Wyoming, however, has 60 members in its state-level House of Representatives and 30 members in its State Senate. With 90 legislative seats, that is approximately one representative for every 6,414 people. With 15 aldermanic districts, Milwaukee has a legislative ratio of one representative for every 38,457 people. Why is it that a white-dominated state population like that which exists in Wyoming has more representation than a similar sized (but more diverse) population like Milwaukee? Again, do our leaders in Milwaukee believe that Black and Brown Lives Matter? Apparently, they only believe that for a photo-op at a protest—not when it comes to actual representation. 

Cost is also a factor when we are talking about adding more aldermen and alderwomen to the Common Council. Cost was used as a justification by the late Alderman Joe Dudzik when he helped lower the size of the Common Council from 17 to 15 as part of the redistricting process leading up to the 2004 municipal elections, and again when he proposed (unsuccessfully) to lower the size down to 13 districts in 2011. Members of the Common Council are paid $73,222.24 per year and require paid staff to support their work. An effort to increase their pay a few years ago failed. This salary and expenditure cost is no small amount of money, but what is the cost to our democracy when we hold legislative power in the hands of only 15 people for a city of over 577,000 people? In a 2011 Journal Sentinel article, Dudzik claimed to save “$3 million in wages for two aldermen and their aides.” What if adding four to six additional seats cost the City around seven million today? What is the real cost of adding seats when even a seven million dollar expenditure for a few additional seats and support staff would only be slightly more than one-third of one percent of the City’s $1.75 billion budget? Democracy and representation cost money and our municipal budget is a moral document that should expand democracy in our city.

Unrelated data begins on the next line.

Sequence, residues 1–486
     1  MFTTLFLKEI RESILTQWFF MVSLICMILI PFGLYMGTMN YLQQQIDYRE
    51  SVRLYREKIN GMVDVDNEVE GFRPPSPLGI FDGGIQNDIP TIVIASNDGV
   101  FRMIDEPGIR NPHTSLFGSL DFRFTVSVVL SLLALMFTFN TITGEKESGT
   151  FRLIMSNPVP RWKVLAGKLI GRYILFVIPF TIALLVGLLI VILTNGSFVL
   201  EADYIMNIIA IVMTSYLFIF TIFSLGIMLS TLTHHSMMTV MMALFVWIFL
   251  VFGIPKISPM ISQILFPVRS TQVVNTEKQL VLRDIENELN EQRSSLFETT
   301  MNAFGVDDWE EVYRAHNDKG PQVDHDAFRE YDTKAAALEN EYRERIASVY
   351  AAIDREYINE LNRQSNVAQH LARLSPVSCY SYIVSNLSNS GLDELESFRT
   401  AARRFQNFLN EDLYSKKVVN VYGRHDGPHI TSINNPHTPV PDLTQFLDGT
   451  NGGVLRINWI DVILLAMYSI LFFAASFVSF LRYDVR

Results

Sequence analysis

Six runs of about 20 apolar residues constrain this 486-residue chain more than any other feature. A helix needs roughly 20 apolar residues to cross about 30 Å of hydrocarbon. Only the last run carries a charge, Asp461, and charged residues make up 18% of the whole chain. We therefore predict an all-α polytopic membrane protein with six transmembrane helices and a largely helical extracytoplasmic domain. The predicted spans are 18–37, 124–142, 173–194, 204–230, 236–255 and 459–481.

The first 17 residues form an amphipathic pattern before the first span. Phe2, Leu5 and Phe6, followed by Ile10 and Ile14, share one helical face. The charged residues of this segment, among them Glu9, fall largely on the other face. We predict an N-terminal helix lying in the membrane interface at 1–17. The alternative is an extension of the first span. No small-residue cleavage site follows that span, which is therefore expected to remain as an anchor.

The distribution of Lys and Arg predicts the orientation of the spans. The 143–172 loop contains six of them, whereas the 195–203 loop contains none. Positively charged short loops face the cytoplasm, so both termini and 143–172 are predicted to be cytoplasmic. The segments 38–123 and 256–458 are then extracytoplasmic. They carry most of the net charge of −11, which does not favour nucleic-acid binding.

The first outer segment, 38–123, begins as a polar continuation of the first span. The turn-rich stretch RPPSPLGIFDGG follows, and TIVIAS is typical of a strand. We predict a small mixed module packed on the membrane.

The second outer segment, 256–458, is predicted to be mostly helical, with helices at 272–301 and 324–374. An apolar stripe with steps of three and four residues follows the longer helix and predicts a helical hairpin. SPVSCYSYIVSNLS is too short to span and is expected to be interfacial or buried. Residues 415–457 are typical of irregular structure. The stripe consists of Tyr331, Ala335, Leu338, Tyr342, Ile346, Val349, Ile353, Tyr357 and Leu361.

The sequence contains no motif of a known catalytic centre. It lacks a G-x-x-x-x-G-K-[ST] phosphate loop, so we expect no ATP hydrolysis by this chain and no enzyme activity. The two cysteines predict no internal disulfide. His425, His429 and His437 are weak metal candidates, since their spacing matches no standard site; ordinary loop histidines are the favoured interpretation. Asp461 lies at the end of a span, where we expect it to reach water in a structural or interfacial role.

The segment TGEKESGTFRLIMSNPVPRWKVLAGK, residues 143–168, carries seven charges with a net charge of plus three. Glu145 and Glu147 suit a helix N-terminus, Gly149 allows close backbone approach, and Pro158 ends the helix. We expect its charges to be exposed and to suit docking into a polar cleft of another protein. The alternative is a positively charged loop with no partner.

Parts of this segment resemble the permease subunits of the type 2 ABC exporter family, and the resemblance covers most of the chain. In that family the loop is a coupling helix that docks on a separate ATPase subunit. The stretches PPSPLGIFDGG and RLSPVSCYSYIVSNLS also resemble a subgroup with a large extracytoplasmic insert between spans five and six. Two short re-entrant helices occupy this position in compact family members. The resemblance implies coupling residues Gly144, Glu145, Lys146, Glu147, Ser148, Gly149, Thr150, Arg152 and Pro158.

Unfortunately, Milwaukee’s aldermen and alderwomen do not seem interested in more democracy. That’s why we have not seen an expansion of democracy in recent years, but rather attempts to decrease the size of the body. This suggests that they are interested in protecting their power. 

Thankfully, even though Common Council missed the opportunity last week they are allowed to make the change before the next city-level elections in 2024. Section 1.03 of the Milwaukee City Charter and Wisconsin Statutes 62.08(4) allows a two-thirds majority of the Common Council to add more seats before the next elections. 

My message to the Milwaukee Common Council: do the right thing as soon as you can by adding seats. More democracy and more leaders will improve, not hurt, this city. 

Alex Brower is a Milwaukee labor leader, socialist organizer, and the chapter treasurer of the Milwaukee Democratic Socialists of America.